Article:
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Credit Downgrade Should Serve As A Wake-Up Call


This is MORNING EDITION from NPR News. I'm Renee Montagne.


Welcome to the program.


INSKEEP: S&P slammed political brinksmanship and gridlock. Were they right?

COWEN: Absolutely they're correct. It's a kind of wakeup call. We were on the verge of defaulting on our debt. We should have been downgraded.

INSKEEP: Meaning because of the debt ceiling fight, that this - obviously it was deserved, in your view?

COWEN: That's right. A lot of people are attacking S&P because they got so much wrong in the financial crisis. But just because they were wrong then it doesn't mean they're wrong this time. So those attacks on the rating agency I see as a distraction.

INSKEEP: Well, let's talk about the fiscal issues facing the United States in a constructive way. From your point of view, what do you think first on the Republican side - we'll get to Democrats - but on the Republican side what have Republicans done wrong?

COWEN: The Republicans need to accept that we need revenue increases. There is no other way to get the budget to add up. So the notion that we can do it all through spending cuts, it simply isn't going to work.

INSKEEP: When you say need revenue increases, you're saying, for example, that they might've done well to sign onto the grand bargain that was close, with President Obama, that included tax increases along with entitlement reform - spending cuts, that sort of thing.

COWEN: That probably would've been much better. We never really got to see what that grand bargain would've been. And probably, even the so-called grand bargain wasn't very grand. But as it turns out we did very little - there were very little spending cuts in what were agreed to. And the market reacted very negatively.

INSKEEP: Now, on the Democratic side, what have Democrats done wrong in your view?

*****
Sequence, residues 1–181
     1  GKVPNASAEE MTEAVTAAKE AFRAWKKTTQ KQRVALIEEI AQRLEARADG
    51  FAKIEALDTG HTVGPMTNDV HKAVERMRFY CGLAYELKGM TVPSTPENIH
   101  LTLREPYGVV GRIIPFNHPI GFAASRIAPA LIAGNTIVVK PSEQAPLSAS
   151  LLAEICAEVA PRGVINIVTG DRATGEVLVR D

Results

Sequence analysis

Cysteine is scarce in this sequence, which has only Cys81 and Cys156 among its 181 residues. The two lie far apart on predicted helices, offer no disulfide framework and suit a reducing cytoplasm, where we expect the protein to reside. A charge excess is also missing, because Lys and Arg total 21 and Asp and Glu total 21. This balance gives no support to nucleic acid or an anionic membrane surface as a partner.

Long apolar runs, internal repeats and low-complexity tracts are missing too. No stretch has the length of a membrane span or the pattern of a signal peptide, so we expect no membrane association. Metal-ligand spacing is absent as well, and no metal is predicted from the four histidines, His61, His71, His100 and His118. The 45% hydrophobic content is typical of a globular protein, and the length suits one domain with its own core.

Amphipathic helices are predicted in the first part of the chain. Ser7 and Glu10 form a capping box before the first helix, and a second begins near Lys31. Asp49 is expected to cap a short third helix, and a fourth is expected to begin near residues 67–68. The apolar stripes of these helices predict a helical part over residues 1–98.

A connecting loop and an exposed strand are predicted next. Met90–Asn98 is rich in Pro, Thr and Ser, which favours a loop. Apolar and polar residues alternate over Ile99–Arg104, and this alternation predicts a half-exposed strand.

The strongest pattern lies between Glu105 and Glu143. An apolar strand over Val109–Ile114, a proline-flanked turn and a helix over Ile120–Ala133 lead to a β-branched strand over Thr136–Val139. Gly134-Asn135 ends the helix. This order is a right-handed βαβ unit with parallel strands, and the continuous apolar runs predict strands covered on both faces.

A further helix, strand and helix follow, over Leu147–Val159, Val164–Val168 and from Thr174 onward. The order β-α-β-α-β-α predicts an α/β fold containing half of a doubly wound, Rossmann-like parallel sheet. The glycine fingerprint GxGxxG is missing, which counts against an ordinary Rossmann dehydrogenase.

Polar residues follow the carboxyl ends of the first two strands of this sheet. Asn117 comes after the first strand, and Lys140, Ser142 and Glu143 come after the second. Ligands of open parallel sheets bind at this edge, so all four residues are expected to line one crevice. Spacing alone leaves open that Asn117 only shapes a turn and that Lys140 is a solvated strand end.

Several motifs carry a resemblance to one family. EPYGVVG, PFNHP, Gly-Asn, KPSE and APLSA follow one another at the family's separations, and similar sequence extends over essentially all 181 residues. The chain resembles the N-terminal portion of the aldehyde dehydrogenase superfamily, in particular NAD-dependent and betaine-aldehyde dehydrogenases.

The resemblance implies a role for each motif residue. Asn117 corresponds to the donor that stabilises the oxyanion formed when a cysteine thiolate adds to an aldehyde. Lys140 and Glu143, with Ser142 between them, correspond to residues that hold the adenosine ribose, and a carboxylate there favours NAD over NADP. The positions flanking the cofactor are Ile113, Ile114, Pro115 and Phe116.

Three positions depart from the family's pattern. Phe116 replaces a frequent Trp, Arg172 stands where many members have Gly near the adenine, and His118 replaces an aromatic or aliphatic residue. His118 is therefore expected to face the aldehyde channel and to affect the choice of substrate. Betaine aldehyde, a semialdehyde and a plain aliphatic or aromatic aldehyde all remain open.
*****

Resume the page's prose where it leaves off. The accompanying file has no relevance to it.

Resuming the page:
COWEN: So there were reforms to Medicare embodied in the ACA, which was a good thing, but since that time Democrats have started thinking they can campaign against Republicans on the Medicare issue. And that's very dangerous thinking. That is hurting the chances for a grand bargain.

INSKEEP: And now, Mr. Cowen, having said what you've said and understanding what you do of the political system and the state it's in right now, do you see a realistic way to fix the long term debt issues that the United States does face?

COWEN: Well, keep in mind the debt issue becomes really serious in this country after 10 years from now when health care costs are spiraling. In the short run, we have a manageable problem. In the longer run, we do not. But the time is really now for us to get our act together. You cannot reform all of your entitlements overnight. What we need quite soon for the markets and for our own future is, I think, some kind of grand bargain where both sides give way quite a bit.

INSKEEP: Although, you raise an interesting point. We're not Italy here. Things are not desperate at this point. There's still time, you're saying.

COWEN: That's right. Europe at the moment is a much bigger problem than the United States.

INSKEEP: One other quick thing, Mr. Cowen. Do you think that S&P's downgrade on Friday night is actually going to make it harder for the United States to bring its budget into balance because it'll hurt economic confidence, could hurt economic growth over time?

COWEN: Well, I don't know. As was the case, we weren't really doing very much. So maybe this will be the needed wakeup call. And that may make it harder in the technical sense. But when you look at public relations, maybe now there's a greater understanding that we need to make more progress, quickly, rather than later.

INSKEEP: Could this hurt economic growth, which would hurt tax revenue?

COWEN: It will hurt economic growth. One big issue is a lot of municipal governments will now face higher borrowing rates.

INSKEEP: OK. Mr. Cowen, thanks very much.

COWEN: Thank you.

INSKEEP: Tyler Cowen. His blog is called Marginal Revolution. Transcript provided by NPR, Copyright NPR.

Renee Montagne, one of the best-known names in public radio, is a special correspondent and host for NPR News.